2

This question already has an answer here:

I added the following to /etc/rc.local

(
    cd /home/pi/Desktop
    exec ./start_picoin.sh
) &

The script it executes is nothing more then a simple echo at the moment. I would like this script to be executed in a terminal that stays open after execution. How can I do that?

marked as duplicate by Jacobm001 May 1 '17 at 15:55

This question has been asked before and already has an answer. If those answers do not fully address your question, please ask a new question.

2

You could use a very nice tool called tmux. I use it everyday and what it basically does is gives the end user to run multiple scripts in detached mode (background), however a user can log in to the Detached Session whenever s/he wants at any given time.

  • You can install it via:

    sudo apt update
    sudo apt install tmux
    
  • In your case you could write a the tmux trigger on boot into your rc.local file as follows:

    ## YOUR rc.local file
    #!/bin/sh -e
    
    # always good and safe to use the complete path
    /usr/bin/tmux new-session -d -s mySession
    
    # This statement is a life-saver, if ever your code crashes
    /usr/bin/tmux set-option -t mySession set-remain-on-exit on
    
    # Create a window where you wish to run a code
    /usr/bin/tmux new-window -d -n 'my work' -t mySession:1 'cd /home/pi/Desktop; exec ./start_picoin.sh'
    
     exit 0
    
  • Now since your /etc/rc.local file is triggered on boot under sudo rights, the next time you boot you can see your session mySession by typing:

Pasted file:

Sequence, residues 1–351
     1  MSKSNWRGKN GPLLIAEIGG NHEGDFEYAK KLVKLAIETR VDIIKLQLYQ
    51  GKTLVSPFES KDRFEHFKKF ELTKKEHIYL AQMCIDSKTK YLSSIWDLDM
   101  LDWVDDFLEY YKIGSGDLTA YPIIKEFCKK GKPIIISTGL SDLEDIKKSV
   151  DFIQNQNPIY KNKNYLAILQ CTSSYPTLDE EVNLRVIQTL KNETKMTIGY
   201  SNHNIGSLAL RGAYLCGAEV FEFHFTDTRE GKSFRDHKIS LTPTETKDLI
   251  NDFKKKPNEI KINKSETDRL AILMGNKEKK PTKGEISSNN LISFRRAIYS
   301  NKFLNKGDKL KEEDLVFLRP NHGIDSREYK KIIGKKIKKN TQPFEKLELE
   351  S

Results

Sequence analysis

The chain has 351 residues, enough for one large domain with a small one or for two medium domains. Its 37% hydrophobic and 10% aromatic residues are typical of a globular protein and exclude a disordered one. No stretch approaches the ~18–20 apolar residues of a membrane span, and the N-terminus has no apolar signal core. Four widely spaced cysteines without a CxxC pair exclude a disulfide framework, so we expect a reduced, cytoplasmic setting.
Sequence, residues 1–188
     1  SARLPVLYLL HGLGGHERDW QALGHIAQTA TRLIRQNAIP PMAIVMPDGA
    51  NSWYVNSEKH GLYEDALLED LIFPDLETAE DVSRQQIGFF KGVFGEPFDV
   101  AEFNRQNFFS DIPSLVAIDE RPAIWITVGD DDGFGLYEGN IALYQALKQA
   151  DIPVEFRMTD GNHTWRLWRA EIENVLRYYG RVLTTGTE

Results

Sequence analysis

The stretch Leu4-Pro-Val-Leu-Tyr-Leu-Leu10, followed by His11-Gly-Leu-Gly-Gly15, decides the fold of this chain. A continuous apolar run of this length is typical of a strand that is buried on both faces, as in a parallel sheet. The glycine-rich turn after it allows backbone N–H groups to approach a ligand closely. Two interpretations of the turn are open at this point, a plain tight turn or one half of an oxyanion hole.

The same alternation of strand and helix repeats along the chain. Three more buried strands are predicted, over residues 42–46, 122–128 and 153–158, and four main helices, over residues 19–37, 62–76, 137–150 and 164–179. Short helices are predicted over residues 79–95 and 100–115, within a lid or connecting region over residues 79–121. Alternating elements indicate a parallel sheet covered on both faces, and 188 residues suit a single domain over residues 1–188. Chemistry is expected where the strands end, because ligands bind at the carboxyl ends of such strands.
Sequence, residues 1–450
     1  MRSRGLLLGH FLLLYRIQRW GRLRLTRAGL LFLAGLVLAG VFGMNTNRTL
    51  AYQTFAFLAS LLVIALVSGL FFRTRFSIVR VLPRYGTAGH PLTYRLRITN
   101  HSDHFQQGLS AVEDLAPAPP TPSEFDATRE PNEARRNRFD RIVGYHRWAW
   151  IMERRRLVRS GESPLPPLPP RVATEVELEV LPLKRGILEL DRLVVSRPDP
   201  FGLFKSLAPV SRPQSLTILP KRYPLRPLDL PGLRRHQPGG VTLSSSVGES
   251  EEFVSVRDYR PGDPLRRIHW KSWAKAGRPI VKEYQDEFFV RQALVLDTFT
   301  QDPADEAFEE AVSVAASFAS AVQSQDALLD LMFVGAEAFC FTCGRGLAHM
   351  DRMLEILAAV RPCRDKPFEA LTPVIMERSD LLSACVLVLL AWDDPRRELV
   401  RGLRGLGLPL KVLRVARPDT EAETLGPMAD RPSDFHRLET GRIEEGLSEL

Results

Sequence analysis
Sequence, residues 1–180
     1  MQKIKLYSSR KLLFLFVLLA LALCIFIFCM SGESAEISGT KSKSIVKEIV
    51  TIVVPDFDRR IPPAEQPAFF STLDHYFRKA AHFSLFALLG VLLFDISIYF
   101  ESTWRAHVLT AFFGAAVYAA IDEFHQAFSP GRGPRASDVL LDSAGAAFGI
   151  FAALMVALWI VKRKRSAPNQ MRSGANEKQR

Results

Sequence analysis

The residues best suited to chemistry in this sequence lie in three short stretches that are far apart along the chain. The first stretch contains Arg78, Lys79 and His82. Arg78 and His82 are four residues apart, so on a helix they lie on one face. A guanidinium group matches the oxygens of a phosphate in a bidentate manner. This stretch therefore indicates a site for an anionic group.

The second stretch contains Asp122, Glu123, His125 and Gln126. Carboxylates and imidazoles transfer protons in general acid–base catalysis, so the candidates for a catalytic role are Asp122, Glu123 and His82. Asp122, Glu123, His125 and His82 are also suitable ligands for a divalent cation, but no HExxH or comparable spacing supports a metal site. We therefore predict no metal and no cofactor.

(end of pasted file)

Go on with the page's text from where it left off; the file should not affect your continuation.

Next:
sudo tmux ls
    
  • Once you see the session has begun, all you have to do is attach the background session using:

    sudo tmux a
    
  • You will see an empty bash shell, in order to navigate to your running code press Ctrl + B+1

  • Once you see your code running well and want to leave the code running in the background you can simply click: Ctrl + B+D to detach it.

  • If you want to close the complete session you can just type:

    sudo tmux kill-session
    
1

http://www.raspberry-projects.com/pi/pi-operating-systems/raspbian/auto-running-programs-gui

I am assuming you are using GUI rather than command line? Follow that guide above to launch lxterminal on start up. If you have a script called BootScript.sh in the /home/pi directory then in your autostart file you want to add:

@lxterminal -e "/home/pi/BootScript.sh"

your script will read something like this:

#!/bin/bash

echo Hello World!

$SHELL

The $SHELL part at the ends stops the terminal screen from closing. Make sure you give your script execution privileges using:

chmod -755 /home/pi/BootScript.sh
-1

This is not simple because Raspbian will not give you terminal on boot logged in by default.

First, you need to edit /etc/inittab to enable auto login in your preferred console.

Then I would suggest to add your script to ~/.bashrc and it will execute on login.

EDIT

I've just realized that you asked something else:

Answer is to use nohup before your call.

So, it would be nohup myscript.sh & and it will run after you logout.

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